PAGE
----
Replacing an old mailbox post is a relatively cheap and easy way to spruce up your house. It is also something that you can do yourself!
If you're into DIY and are looking for your next step-by-step woodworking project, or simply need to replace your mailbox post at a low cost, you've come to the right place.
Below is an easy-to-follow guide on wooden mailbox post building so that you can get your mailbox up and running in no time!
Step-By-Step Guide On How To Build A Mailbox Post
Step 1 - Make Sure You Have All The Necessary Tools And Materials
We recommend you source the following materials and tools before you start building your mailbox.
You might be able to salvage some of these from your previous post, but we recommend you start with new materials as they will last a lot longer.
A piece of 4x4 lumber for the main vertical post. We recommend that you use one that is 91" long. Bear in mind that, depending on where you live, there may be regulations relating to the length of your mailbox post. Check these out to ensure that you are complying with them. If you're struggling to find them, pop down to your nearest post office - they should be able to help you.
A piece of 4x4 lumber for the horizontal mailbox support. We recommend you use one 27 ½" long.
A piece of 2x4 lumber for the brace. We recommend you use one 16 ¾" long.
A finial (a piece of decorative wood for the post cap).
Step 2 - Draw Out Your Wooden Mailbox Post Plans
Like with any step-by-step DIY woodworking project, we recommend you draw out your mailbox post plans before you start working on actually building it.
Your task will be easier if you have a clear idea of what you intend on doing before you start. Have a quick read-through of all the steps below and then sketch out your wooden mailbox plans.
Step 3 - Make A Notch In Your Main Post
Now, the first actual building step is to make a notch in your main post (the 91" 4x4 lumber). This should be 1 ¾" deep and 3 ½" wide. It should be situated about 15" from the top of the post.
The best way to make this notch is to draw cut lines onto the wood, and use a circular saw to cut 1 3/4" deep on each line.
Then, use a chisel to scrape out all the pieces of wood and sand the notch with fine-grit sandpaper to smooth it out.
Step 4 - Make A Notch In Your Horizontal Mailbox Support
The next step is to make a notch in the 27 ½ inch piece of 4x4 lumber you will use for the horizontal support.
This should have the same dimensions as the notch in your main, vertical post: it should be 1 ¾" deep and 3 ½" wide.
It should be situated about 7 ¼" from one side of the beam. Use the same technique as you used for the last notch to achieve a smooth surface.
Step 5 - Lock The Components Together
Now, you need to lock the two beams together using their notches as the point of contact between the two beams.
They should fit in together at a right angle. This will leave you with a nice joint for your mailbox post.
Use waterproof glue to stick the two beams together at the joint. You should also drill pilot holes and insert 3" screws to reinforce the bond and ensure that your joint remains secure.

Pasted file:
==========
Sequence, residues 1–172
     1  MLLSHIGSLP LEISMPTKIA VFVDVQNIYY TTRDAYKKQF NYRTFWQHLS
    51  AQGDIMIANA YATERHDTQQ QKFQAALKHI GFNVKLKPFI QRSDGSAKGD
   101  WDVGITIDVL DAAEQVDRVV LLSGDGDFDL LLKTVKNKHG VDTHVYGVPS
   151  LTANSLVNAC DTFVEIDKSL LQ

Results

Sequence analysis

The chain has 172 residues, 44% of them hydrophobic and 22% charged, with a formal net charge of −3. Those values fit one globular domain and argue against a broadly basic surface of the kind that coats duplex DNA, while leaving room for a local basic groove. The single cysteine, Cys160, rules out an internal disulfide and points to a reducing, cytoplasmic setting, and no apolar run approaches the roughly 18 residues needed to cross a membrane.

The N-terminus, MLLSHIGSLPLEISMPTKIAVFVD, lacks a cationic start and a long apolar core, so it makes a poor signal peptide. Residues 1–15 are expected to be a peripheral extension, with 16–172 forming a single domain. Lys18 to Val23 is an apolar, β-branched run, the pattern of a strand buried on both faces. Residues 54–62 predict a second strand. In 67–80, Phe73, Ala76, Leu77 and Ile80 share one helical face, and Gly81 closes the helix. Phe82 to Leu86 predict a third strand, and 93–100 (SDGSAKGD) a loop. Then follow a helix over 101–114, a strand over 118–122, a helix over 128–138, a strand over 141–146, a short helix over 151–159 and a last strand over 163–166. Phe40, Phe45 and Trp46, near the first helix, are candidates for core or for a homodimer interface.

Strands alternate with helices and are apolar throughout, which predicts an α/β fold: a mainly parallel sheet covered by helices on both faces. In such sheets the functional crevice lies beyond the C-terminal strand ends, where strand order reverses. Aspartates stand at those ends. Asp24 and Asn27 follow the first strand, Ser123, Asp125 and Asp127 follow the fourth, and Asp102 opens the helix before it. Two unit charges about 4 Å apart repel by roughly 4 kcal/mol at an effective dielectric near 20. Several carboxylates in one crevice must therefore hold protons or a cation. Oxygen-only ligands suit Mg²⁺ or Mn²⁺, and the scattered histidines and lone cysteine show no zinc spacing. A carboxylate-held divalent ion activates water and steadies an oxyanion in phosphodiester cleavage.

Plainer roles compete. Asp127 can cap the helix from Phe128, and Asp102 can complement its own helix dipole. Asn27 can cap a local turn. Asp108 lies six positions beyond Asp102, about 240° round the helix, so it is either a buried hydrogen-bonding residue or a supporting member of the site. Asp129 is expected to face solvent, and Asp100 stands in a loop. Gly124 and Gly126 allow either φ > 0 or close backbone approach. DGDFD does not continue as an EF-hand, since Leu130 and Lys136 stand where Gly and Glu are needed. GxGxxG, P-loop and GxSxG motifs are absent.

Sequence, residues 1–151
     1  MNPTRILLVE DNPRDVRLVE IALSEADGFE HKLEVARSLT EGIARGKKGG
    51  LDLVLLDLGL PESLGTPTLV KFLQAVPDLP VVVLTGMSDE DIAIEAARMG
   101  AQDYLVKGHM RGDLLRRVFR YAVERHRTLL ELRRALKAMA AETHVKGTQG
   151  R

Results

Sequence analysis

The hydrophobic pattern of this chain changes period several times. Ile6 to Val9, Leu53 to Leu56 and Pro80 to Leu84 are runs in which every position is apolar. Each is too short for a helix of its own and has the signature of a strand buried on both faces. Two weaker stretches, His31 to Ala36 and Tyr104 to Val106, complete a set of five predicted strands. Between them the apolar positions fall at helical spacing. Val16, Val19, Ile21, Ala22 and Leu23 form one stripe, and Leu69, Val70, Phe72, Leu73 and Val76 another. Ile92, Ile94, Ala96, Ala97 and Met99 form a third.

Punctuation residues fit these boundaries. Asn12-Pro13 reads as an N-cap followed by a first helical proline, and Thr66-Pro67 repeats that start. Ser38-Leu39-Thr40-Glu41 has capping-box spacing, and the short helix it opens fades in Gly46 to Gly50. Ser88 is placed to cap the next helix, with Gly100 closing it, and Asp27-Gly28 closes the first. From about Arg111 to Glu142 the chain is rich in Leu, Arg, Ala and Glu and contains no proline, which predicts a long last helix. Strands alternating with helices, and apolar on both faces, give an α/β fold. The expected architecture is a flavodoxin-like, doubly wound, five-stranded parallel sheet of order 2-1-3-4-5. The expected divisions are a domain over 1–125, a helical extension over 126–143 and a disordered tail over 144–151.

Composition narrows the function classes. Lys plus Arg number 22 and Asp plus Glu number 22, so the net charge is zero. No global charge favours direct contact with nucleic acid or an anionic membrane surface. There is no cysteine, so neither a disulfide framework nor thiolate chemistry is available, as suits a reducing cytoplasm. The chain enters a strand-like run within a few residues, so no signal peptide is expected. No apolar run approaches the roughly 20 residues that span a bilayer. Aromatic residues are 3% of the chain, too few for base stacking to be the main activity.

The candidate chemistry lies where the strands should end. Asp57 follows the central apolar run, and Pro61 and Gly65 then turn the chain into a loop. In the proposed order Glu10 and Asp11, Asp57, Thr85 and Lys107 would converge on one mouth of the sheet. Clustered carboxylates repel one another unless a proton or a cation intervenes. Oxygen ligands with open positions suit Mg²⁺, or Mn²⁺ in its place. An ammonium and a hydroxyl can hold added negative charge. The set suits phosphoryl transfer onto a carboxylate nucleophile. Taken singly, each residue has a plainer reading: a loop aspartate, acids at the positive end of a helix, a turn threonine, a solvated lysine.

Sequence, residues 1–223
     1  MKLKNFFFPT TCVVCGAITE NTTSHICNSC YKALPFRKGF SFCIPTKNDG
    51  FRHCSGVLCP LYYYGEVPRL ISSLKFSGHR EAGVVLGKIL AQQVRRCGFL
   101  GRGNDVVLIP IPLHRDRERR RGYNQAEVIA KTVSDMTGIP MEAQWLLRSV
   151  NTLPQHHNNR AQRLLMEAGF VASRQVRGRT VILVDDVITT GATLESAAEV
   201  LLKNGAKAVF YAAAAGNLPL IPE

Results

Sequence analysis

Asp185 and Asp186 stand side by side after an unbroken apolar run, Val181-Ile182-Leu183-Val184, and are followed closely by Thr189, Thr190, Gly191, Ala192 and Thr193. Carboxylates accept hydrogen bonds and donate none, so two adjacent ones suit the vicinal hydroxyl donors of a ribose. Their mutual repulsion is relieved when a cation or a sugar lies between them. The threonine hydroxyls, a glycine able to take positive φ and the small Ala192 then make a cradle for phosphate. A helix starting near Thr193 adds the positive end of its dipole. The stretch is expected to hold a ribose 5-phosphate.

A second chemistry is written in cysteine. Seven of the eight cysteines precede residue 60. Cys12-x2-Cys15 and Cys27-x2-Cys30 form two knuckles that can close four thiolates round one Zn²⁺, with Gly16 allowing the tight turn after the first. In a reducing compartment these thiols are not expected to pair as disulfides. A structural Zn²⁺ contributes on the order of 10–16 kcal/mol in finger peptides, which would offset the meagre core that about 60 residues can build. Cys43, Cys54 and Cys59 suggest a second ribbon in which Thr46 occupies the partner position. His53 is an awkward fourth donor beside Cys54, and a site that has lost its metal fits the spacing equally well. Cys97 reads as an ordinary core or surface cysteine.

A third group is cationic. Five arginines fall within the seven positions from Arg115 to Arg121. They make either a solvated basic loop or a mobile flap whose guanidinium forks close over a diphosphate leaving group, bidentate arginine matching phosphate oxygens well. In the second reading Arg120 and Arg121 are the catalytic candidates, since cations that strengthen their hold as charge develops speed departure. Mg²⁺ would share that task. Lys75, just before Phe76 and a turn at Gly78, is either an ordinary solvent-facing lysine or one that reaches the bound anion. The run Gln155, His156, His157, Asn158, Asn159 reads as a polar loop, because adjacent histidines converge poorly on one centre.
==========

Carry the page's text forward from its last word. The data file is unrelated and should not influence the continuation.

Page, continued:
Step 6 - Fit The Brace
The next step is to fit the brace. You will use the 16 ¾" 2x4 lumber for the brace. Make a 45-degree cut at each end.
This will allow it to fit diagonally between the other 2 poles, with one end attached to the vertical pole and the other end attached to the horizontal pole.
Lock it into place, and add glue to secure them. We also recommend you drill pilot holes and insert 2 ½" screws to secure the beam.
Step 7 - Attach The Finial
A finial is not necessary for the structural integrity of your mailbox post. It does, however, make it look a lot nicer and is not that difficult to attach.
If you choose to attach a finial to the top of your mailbox post, you should first ensure that it has been centered correctly.
Then, using waterproof glue and finishing nails, attach the finial to the top of your post. Make sure it is secure and has been tightly locked into place.
Step 8 - Secure The Post In Concrete
Now that you have completed all your wooden components it's time to secure the post properly in concrete. Dig a hole approximately 3' deep and fit a tube form.
Place the post into the hole. It's also a good idea to plumb your post with a spirit level and use braces to keep it in place temporarily.
Then, simply fill your tube with concrete. It can take several hours to dry out, but we recommend leaving it for a few days.
Step 9 - Final Touches
Now that you have made your mailbox post, you might want to add some final touches. You might want to varnish your wood or paint it a bright color.
Frequently Asked Questions About Building A Wooden Mailbox Post
Is Concrete Necessary For A Mailbox Post?
No, you do not have to use concrete to set your mailbox post. There are tools, like a no-dig ground anchor you can use instead of concrete.
What Side Of The Driveway Does A Mailbox Go On?
According to the United States Postal Service Guidelines (USPS Guidelines), your mailbox must be on the right-hand side of your driveway.
Making a new mailbox post is quite an easy task. It is a fun and rewarding task that can really elevate your property. Now you have an idea of what it involves, it's time to try it out and embark on your next step-by-step DIY project.